Si Seņor! Mariachi Imitators Strike a Sour Note
By Mary Jordan

January 19, 2005 7:29 AM article

MEXICO CITY -- At every hour of every day in Garibaldi Plaza, there is a song waiting to be sung for the right price.

Clusters of mariachis -- elaborately dressed, traditional Mexican musicians -- gather near bronze statues of past mariachi stars, hoping to be hired for a birthday party or romantic serenade. The tradition dates back nearly a century, but today there are sour notes amid the soaring sounds of brass and strings in this world-famous plaza.

"It's an invasion! Too many people claiming to be mariachis!" complained Alfredo Ledesma Hernandez, a violinist who has worked in Garibaldi for 20 years. He said rising unemployment has led bricklayers, farmers and others with no musical training or talent to don mariachi costumes and pass themselves off as the real thing.

"These fake mariachis hurt our reputation," said Ledesma, who was wearing his genuine mariachi outfit -- tight bolero suit with silver trim, wide-brimmed hat and shiny boots. "They have holes in their suits. Their shoes are not clean. They don't know the words to the songs."

Mariachis have gathered since the 1920s in Garibaldi, one of the city's most colorful and lively spots, where police look the other way when tequila is tippled in public. Visitors come from all over Mexico, and increasingly from abroad, to eat and drink in the plaza's many cantinas while listening to sentimental classics that most Mexicans know by heart.

Others come to hire mariachis to mark the happy or sad milestones in their lives, from baptisms to funerals, while lovers young and old drive up and offer mariachis a handful of peso notes to sing to their sweethearts.

But purists worry that the cherished traditions of Garibaldi mariachis mean nothing to the impostors, who are merely trying to cash in on the growing popularity of a musical genre that is increasingly taught and played in the United States and other parts of the world.

Pedro Espinoza Hernandez, general secretary of the 2,000-strong mariachi union, said as many as 4,000 musicians, some of whom were little more than construction workers in fancy dress, now worked in the city block-sized plaza, which sits amid the crumbling slums and architectural gems of Mexico City's historic center. On a busy weekend night, hundreds of musicians, including tone-deaf imitators, stroll the square, he said.

"There have never been so many," he said. "It's too much."

According to the union, a true mariachi band must feature at least six musicians and a minimum of two violins, a trumpet, a guitar, a guitarron (a large bass-like instrument) and a vihuela, which resembles a guitar. The more elaborate bands have 15 or more members. Musicians from as far away as Japan have come here to copy the unique design of the tight jackets and trousers with silver spangles sewn down the outer leg seams.

Espinoza said the impostors attract business by charging about half the going rate, as little as $100 an hour for an eight-piece group to play at a party, or $6 for a tune on the spot. "They charge too little and play horribly," he said, adding that the off-key pretenders are stealing work from professionals and damaging their reputation.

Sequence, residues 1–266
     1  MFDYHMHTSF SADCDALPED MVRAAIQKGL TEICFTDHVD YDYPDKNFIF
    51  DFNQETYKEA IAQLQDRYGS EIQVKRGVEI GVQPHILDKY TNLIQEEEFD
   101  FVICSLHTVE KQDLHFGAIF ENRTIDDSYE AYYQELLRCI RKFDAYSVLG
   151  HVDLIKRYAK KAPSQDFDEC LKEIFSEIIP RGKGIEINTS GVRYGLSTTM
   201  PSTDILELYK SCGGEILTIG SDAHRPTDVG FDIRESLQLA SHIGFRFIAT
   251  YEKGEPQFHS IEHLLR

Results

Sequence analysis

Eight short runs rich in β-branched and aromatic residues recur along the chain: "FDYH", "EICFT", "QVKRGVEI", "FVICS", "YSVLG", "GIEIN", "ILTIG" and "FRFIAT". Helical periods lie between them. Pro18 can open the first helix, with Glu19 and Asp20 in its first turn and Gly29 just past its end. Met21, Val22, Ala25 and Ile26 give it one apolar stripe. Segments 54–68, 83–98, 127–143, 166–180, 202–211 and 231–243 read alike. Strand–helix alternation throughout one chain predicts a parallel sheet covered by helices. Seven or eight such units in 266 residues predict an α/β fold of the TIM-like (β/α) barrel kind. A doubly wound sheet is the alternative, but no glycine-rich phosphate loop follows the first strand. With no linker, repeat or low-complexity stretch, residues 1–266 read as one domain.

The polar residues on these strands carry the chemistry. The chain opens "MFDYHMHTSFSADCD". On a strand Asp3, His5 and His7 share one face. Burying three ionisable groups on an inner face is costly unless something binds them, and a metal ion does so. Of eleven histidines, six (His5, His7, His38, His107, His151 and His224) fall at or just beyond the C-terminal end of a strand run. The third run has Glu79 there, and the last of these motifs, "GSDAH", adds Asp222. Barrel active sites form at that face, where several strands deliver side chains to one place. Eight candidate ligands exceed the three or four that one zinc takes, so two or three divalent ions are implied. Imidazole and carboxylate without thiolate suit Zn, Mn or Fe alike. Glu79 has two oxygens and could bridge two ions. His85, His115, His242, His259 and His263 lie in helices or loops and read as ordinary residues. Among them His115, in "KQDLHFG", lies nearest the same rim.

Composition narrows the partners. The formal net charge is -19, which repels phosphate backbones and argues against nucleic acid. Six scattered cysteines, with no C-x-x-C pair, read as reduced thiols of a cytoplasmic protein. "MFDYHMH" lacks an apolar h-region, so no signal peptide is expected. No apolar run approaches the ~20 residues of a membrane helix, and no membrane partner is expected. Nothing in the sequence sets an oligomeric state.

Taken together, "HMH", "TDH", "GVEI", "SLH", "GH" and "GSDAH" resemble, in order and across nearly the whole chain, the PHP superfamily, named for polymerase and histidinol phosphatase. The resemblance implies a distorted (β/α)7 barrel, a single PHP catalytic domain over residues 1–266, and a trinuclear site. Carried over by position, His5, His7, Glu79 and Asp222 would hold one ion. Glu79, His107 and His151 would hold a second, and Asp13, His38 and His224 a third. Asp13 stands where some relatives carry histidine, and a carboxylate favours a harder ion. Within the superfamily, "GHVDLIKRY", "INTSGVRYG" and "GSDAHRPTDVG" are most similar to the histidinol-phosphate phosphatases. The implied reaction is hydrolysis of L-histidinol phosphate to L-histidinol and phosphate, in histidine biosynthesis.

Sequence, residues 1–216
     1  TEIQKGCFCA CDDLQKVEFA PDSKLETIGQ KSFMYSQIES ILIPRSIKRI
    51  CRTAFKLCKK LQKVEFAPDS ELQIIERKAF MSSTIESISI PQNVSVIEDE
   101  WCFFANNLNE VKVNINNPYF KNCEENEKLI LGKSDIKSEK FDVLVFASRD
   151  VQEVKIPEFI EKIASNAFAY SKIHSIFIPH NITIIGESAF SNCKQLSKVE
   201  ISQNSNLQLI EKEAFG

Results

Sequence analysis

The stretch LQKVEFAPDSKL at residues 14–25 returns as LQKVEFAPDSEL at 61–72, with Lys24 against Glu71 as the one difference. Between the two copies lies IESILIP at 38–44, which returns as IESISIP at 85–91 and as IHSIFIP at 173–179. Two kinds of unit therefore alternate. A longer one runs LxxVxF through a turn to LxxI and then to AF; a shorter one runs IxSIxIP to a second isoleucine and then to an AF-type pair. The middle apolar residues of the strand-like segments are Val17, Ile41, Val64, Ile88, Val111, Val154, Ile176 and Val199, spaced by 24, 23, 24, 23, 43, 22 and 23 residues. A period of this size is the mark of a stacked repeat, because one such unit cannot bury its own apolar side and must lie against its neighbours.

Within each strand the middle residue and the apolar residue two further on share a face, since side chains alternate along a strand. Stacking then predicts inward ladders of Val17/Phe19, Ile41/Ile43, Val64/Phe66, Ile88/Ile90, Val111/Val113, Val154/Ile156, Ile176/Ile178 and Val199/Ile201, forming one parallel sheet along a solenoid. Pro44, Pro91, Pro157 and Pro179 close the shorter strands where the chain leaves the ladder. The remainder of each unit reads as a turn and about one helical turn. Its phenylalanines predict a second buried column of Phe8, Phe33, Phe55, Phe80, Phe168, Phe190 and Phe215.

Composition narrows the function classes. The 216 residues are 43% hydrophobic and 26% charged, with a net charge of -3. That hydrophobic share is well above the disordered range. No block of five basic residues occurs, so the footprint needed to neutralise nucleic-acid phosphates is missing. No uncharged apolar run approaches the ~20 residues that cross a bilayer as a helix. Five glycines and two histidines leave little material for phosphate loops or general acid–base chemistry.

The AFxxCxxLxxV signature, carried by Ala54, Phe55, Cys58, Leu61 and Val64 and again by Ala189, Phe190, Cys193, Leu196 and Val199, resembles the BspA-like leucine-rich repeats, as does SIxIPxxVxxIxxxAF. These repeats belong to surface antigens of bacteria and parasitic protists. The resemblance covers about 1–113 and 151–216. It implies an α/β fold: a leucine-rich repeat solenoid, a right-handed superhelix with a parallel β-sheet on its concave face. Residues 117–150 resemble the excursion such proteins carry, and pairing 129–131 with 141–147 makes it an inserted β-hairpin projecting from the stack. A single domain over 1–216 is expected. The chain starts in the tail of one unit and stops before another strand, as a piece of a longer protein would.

Both the union and city government officials are trying to control what they call "the black market mariachi problem." The city recently started a "Safe Musicians" program, in which official ID cards are passed out to union-certified musicians. Officials are advising customers to checks those cards to avoid ending up with an out-of-work plumber spoiling somebody's wedding.

Many customers are taking that precaution one step further by demanding that mariachis pass an impromptu test. If they can't immediately produce a tear-jerking version of a song like "El Rey" ("The King") -- as well-known here as "Happy Birthday" is in the United States -- they don't get the gig.

Octavio Ruelos, an office worker, Baņales did a little comparison shopping when he rushed up to the plaza to find a mariachi band for his boss's birthday party that same afternoon. He approached members of one group, demanded a quick audition and quickly concluded that the only place they should be singing was in the shower.

"A bit disappointing," he said, diplomatically.

Then he raced over to an octet dressed sharply in cream-colored suits with tomato-red bow ties and white cowboy boots.

"Can you play 'Sabes Una Cosa?' " ("You Know What?") he asked them. "Of course," one player said, and the band immediately struck up a lovely sidewalk serenade of trumpets, violins and guitars. The lead singer crooned, "I have something to tell you, and I don't know how to explain. . . ." Ruelos looked pleased. A price was quickly agreed upon, the band piled into a van and everyone roared off to Ruelos's office.

Jose Luis Tamayo, a city official, said the government was trying to turn back the clock to 2000, when the number of musicians in Garibaldi was more manageable. To do that, he said the city planned to help some of newcomers find other work. Those with talent, he said, may find work playing in restaurants. As for those who cannot carry a tune, he added, officials will "invite them" to return to their original jobs.

"It is very important to have control of the mariachis," Tamayo said. "If not, we will have musicians in all the streets of the city." He also noted that a few of the fakes have turned out to be thieves who robbed their customers when they got them alone.

One recent evening, Alfredo Ortiz Gonzalez joined the throng of mariachis beside the plaza, waving at cars to snag a customer. He said he had played for a couple of years in Chicago, then came to Garibaldi in 2001. Nearby stood another hopeful, with his bow tie missing and his shirt hanging sloppily over his pants.

"There are good ones and bad ones, but they are just trying to earn a living," Ortiz observed. "We all have the right to try to play music."